GM acquires Cruise, Ford creates mobile subsidiary as connected car market heats up
The connected car market heated up this morning with news that General Motors will reportedly spend roughly $1 billion to buy Cruise Automation, which develops technology for autonomous vehicles. Separately, Ford announced it will break out its mobility programs into a separate subsidiary.
Fortune reported that GM had considered making a strategic investment in Cruise, but "that quickly morphed into an acquisition discussion" that was finalized within several weeks. Cruise makes aftermarket kits to convert specific models into autonomous cars for highway driving. It had raised $18 million in funding and saw a recent valuation in the range of $90 million. GM announced this morning it had purchased Cruise, though it did not disclose the purchase price.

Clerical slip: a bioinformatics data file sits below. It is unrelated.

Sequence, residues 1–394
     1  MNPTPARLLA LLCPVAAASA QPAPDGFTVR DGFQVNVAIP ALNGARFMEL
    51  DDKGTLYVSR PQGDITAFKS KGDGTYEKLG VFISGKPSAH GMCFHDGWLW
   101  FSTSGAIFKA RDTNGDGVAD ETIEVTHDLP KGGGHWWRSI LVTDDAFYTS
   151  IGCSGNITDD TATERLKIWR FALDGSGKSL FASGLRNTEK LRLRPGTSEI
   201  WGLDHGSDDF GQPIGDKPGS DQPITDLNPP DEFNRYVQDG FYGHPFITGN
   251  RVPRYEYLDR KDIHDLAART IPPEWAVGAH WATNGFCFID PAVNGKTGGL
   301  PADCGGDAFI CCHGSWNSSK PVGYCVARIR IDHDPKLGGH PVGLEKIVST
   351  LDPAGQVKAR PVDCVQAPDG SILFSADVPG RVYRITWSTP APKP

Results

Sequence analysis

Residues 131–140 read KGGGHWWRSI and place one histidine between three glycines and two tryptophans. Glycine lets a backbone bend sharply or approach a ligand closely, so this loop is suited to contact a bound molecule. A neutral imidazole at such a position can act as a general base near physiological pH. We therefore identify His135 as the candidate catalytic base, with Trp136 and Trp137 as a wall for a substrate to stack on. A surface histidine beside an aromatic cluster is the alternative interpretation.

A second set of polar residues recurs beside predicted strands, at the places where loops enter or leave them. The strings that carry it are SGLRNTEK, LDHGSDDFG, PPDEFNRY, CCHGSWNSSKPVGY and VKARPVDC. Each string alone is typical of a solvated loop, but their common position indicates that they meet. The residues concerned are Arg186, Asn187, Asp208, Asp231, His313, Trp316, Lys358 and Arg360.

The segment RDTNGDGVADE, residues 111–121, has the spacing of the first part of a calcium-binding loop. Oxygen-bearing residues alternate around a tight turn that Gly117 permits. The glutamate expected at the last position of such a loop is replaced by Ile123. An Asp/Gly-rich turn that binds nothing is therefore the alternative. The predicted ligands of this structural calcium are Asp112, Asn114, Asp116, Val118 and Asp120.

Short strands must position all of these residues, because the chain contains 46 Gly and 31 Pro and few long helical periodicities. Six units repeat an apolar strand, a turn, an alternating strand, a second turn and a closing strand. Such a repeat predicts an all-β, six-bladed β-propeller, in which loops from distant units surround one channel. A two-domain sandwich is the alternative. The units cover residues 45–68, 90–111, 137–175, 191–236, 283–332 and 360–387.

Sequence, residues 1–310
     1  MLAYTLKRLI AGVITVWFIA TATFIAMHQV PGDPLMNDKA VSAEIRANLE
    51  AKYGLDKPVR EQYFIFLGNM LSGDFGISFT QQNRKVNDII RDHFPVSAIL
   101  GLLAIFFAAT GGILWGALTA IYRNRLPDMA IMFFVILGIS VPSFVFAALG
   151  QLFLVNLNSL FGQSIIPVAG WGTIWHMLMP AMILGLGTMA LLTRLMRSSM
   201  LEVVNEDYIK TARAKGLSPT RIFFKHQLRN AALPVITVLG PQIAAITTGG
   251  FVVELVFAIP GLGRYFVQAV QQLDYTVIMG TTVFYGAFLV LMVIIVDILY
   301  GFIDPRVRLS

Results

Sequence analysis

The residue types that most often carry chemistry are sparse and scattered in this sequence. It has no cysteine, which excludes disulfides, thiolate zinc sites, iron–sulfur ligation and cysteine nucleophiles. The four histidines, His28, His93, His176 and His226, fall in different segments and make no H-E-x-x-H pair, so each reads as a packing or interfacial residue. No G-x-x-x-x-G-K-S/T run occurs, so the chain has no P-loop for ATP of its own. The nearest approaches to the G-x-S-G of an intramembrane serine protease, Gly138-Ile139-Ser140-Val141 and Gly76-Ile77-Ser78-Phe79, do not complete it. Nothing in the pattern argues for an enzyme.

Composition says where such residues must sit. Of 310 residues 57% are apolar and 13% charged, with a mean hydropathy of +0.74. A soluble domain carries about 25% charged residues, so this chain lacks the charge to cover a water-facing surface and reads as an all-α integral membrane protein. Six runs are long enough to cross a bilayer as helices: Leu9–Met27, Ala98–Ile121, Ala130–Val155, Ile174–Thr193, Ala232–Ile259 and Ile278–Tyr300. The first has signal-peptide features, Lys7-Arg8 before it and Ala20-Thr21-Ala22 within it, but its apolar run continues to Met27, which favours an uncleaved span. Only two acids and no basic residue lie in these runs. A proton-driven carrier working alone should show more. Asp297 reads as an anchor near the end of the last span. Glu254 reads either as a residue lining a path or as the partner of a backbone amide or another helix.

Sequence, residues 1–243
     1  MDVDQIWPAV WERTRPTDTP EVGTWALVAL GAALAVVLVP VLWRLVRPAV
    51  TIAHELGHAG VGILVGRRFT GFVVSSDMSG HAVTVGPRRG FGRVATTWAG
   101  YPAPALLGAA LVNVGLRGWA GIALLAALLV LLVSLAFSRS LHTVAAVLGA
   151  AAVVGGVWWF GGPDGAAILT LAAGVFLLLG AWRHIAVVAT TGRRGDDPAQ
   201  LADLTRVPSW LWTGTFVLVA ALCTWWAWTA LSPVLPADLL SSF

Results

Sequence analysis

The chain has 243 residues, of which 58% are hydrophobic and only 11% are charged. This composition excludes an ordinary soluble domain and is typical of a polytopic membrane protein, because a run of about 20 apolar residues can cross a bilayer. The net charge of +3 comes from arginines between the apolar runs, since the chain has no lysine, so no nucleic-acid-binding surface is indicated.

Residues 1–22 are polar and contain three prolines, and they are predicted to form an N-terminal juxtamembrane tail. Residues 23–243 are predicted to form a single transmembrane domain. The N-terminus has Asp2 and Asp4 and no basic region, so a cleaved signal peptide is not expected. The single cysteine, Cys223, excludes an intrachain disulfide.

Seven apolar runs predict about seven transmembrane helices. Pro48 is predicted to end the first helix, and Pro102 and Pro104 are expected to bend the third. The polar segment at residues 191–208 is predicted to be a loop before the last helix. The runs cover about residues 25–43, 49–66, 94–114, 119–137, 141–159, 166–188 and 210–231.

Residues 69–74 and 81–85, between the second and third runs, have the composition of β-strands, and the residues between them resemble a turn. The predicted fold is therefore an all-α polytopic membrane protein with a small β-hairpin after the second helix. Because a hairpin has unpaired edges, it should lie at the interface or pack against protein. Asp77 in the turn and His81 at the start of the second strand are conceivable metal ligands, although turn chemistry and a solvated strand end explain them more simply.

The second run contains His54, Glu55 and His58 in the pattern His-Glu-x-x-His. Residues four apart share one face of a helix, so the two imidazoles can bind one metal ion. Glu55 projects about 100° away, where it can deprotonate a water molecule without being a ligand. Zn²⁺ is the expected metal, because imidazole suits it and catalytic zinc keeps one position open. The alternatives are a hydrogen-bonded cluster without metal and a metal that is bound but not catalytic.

Meanwhile, Re/code reported that Ford will create Ford Smart Mobility LLC, a subsidiary that will include mobility programs including car-sharing and autonomous vehicles. A Ford board member will oversee the entity as chairman, but the company is looking to the West Coast -- specifically Silicon Valley -- for candidates to take the helm as CEO.
Finally, Reuters said the U.S. Transportation Department and NXP Semiconductors NV are partnering on a pilot project to investigate in-vehicle communications systems and other technologies to reduce congestion and traffic. The department had said previously it would award as much as $40 million to a mid-sized U.S. city willing to participate in the effort, which is part of a larger smart cities movement.
Mobile network operators see connected cars as a massive opportunity as the IoT emerges and connectivity becomes ubiquitous. And they're not alone: Tech companies such as Apple and Google are also working to play in the connected car space with their own software platforms.
As with other IoT segments, though, network operators face challenges as they expand beyond smartphones and other traditional devices. Capitalizing on the connected car will require carriers to employ complex new partnerships and business models that go far beyond monthly buckets of data.
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